Sunday, June 25, 2017

Dennis Duncan in a wonderful article on "the weaponized index"

William King, Times literary supplement
"The fashion for satirical indexes had begun in 1698, when the poet and lawyer William King contributed a four-page table to the second edition of Charles Boyle's attack on the King's Librarian, Richard Bentley.  King's index, inserted at the back of the book, was entitled 'A Short Account of Dr. Bentley by Way of Index', and sure enough, each of the headwords relates to some aspect of Bentley's low character:  his 'egregious dullness, p. 74, 106, 119, 135, 136, 137, 241', for example, his 'familiar acquaintance with Books that he never saw, p. 76, 98, 115, 232', or his 'Pedantry, from p. 93 to 99, 144, 216'.
     "King's index is a rather wonderful twofold attack on Bentley—as Isaac Disraeli once put it, it is 'at once a satirical character of the great critic, and what it professes to be'.  Thus, part of the fun is that those page references are real ones. . . .  At the same time, the 'Short Account' is also a covert attack on Bentley for being an 'index-scholar', a pedant whose scholarship is based on 'alphabetical learning'—looking things up in tables—rather than a real affinity with the works of the ancients."

     Dennis Duncan, "Hoggs that Sh—te Soap, p. 66," Times literary supplement no. (January 15, 2016):  14 (14-15).  Duncan goes on to talk about indexes prepared for the books of the targets themselves, "a new method for satirically attacking the publications of one's political enemies", as, for example, in the case of this index, directed against a work of the young Addison:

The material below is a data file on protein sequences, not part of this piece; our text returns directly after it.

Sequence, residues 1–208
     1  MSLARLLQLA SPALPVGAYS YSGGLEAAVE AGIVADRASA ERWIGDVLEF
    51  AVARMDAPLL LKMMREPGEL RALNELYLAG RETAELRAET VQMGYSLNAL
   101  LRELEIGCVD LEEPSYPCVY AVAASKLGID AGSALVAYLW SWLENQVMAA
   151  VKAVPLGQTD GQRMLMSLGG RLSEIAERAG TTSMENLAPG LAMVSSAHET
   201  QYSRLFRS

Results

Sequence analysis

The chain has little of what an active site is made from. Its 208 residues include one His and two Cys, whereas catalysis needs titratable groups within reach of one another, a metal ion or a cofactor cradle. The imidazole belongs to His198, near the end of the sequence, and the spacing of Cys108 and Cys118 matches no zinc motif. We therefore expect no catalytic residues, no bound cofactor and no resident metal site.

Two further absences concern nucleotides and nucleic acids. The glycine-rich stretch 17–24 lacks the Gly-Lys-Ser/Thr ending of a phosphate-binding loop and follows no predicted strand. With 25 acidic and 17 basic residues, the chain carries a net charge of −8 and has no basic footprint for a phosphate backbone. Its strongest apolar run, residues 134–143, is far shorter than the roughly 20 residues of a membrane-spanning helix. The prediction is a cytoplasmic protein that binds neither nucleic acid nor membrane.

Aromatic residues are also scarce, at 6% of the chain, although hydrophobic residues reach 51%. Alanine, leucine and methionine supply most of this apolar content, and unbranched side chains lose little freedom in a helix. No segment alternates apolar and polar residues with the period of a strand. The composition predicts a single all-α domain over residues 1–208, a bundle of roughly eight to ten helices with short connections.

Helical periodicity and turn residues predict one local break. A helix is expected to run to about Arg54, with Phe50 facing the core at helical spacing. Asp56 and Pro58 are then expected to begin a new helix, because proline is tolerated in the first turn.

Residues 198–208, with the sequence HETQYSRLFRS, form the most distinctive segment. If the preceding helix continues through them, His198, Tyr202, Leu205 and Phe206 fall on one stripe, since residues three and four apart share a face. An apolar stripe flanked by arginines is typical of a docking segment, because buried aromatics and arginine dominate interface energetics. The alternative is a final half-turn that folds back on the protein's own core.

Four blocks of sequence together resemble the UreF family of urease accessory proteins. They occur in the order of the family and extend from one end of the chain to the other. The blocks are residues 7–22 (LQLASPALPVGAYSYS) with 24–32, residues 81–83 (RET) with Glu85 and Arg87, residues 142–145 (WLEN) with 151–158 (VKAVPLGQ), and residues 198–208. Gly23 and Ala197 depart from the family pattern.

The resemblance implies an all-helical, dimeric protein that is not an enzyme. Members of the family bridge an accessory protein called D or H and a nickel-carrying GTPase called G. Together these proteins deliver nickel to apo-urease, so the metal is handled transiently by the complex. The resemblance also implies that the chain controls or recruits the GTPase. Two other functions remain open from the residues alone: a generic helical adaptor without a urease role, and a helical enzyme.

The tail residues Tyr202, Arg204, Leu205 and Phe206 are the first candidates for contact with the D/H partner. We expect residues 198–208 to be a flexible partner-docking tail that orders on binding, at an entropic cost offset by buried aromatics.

Uncultivated Plants rise naturally about Cassis (Where do they not?), p. 1 
The Author has not yet seen any Gardens in Italy worth taking notice of.  No matter, p. 59
And, in the Preface to its second edition,
[This Table] is not indeed of the same bulk with some Dutch Lexicons and Glossaries, but I do not however despair of its finding a place, (as it is an Index) in the most Letter'd, Renowned and Humane Dr. Bentley's Library.
     Now, see, here I, too, a "reference librarian" and therefore an eminent practitioner of the shady art and superficial collecting practices of Dr. Bentley, have turned yet again to "'Common-placing and Indexing'" (15), in this case of an article on "Common-placing and Indexing" as a satirical practice directed against commonplacers, indexers, and all those who rely unduly on works of reference as a way of pretending to more learning than they actually have.

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